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90 seconds to 80 mph: How Gosch sped state to 80 mph limit
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90 seconds to 80 mph: How Gosch sped state to 80 mph limit

Last year, Wyoming spent six months publicly considering an 80 mph interstate speed limit.

This month, South Dakota spent only 90 seconds doing the same thing.

The difference is state Rep. Brian Gosch, R-Rapid City, who pushed South Dakota's new maximum speed limit into law with no public testimony and no public analysis of the potential effect on traffic safety.

South Dakota’s new maximum interstate speed seemed to materialize out of thin air on the Monday of the legislative session's final week, and it will zoom into effect Wednesday, a span of just 23 days from public proposal to implementation. South Dakota will join Texas, Utah, Idaho and Wyoming as the only states in which speedometers can legally touch 80.

During a committee meeting Gosch chaired on March 9, he got the speed-limit provision inserted as a last-minute, surprise amendment on an $85 million highway-and-bridge funding bill. Because of an emergency clause included in the legislation, it will take effect Wednesday instead of the usual July 1 effective date.

As a result of the rushed process, a flurry of activity is underway. New 80 mph signs are flying out of a prison factory. State transportation workers are scrambling to replace all 250 existing 75 mph signs at an estimated cost of $25,000.

And already speculation is circulating that some signs could be changed back to 75 this summer, after the state Transportation Commission has its say.

There has been additional speculation that the higher speed limit was a sweetener to secure Gosch's support, or the support of other legislators, for the tax-and-fee increases in the road-and-bridge bill.

Gosch, in Journal interviews last week, claimed a simpler motivation. He had read or heard that other states adopted an 80 mph limit on interstates without any problems, he said, and he saw an opportunity to do the same thing in South Dakota.

Rep. Spencer Hawley, D-Brookings, voted against Gosch’s speed-limit amendment and later said it sailed through so quickly, “It only took about three minutes to put it in the bill.”

Actually, he’s wrong. An audio recording shows it only took 1½ minutes, and this is how Gosch made it happen.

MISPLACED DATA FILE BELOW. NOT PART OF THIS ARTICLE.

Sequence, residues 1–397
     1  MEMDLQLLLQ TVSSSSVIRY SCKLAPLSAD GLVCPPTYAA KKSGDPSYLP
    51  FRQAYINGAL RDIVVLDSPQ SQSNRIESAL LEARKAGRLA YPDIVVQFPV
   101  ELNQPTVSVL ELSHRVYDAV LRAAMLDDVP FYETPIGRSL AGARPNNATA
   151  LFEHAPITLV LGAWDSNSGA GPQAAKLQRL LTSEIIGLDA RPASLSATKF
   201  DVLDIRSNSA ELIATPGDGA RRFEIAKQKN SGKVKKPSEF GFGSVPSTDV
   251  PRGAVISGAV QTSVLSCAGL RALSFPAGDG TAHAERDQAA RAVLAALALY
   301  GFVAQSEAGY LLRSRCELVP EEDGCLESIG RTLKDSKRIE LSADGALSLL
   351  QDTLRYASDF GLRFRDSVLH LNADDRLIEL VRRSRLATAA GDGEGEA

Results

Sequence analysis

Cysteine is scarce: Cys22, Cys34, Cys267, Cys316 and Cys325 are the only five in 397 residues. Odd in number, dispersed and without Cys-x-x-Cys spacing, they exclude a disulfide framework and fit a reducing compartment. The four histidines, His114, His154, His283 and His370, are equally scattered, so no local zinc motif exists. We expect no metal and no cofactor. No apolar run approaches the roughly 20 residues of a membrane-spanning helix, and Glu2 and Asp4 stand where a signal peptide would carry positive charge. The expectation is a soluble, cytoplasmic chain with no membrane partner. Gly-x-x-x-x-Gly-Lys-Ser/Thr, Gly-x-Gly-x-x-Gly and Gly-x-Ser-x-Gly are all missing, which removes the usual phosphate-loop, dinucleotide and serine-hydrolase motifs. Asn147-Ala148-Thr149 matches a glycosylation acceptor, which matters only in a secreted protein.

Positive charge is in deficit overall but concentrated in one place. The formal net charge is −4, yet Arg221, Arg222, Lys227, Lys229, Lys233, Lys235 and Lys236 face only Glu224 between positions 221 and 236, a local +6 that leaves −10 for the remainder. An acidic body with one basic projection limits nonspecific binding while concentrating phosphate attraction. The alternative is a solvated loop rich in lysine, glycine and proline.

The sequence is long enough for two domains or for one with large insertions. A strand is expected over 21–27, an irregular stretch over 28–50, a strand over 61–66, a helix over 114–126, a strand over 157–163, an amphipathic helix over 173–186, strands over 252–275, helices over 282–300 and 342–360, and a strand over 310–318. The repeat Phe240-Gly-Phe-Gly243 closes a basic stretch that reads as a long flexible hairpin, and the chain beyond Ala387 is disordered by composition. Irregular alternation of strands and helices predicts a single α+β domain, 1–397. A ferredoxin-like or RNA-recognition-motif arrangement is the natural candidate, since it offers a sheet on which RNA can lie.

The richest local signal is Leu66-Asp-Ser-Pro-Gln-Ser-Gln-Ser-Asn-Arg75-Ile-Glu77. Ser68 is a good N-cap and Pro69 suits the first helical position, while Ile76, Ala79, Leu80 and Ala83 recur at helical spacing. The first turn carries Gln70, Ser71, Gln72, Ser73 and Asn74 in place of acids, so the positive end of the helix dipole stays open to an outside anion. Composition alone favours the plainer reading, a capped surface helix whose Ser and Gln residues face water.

Hitching a ride

Gosch, the House majority leader, piggybacked the 80 mph amendment onto the work of many lawmakers, mainly Sen. Mike Vehle, R-Mitchell, who spent seven years pushing for a package of tax and fee increases to pay for road and bridge repairs. This year, the effort finally translated into successful legislation known as Senate Bill 1.

By March 9, the beginning of the legislative session’s last full week and the day the bill was on the agenda of the House State Affairs Committee, which is chaired by Gosch, the bill already had passed the Senate without the speed limit increase.

The legislation was a complex, numbers-laden giant consisting of 3,410 words spread across 12 pages, including increases in gas taxes, registration fees and other revenue sources. Besides having the bill and a number of amendments to wade through, committee members also had a deadline. They had to approve the bill that day, because the next day, a Tuesday, was the deadline to get the bill through the full House of Representatives.

Suddenly, the speed-limit amendment arose. During the eight preceding weeks of the legislative session, there had been no public indication that an interstate speed limit increase would be considered at all, let alone as part of the road-and-bridge funding bill. When the amendment popped up at the committee hearing, it was a surprise to the public and even some in the committee room, including state Rep. Mike Verchio, R-Hill City.

“I was quite surprised to see it in there,” Verchio said last week in an interview with the Journal.

In a later interview, after he had received a call from Gosch, Verchio changed his story and said he’d been told about the amendment several days before the hearing.

One person certainly was not surprised, and that was Gosch. Sometime on or before Friday, March 6, he had asked legislative staffers to draft the amendment.

When a legislator asks for an amendment draft, it is given directly to the legislator. He can distribute the amendment to whomever he chooses, but it doesn’t go public until it's formally proposed.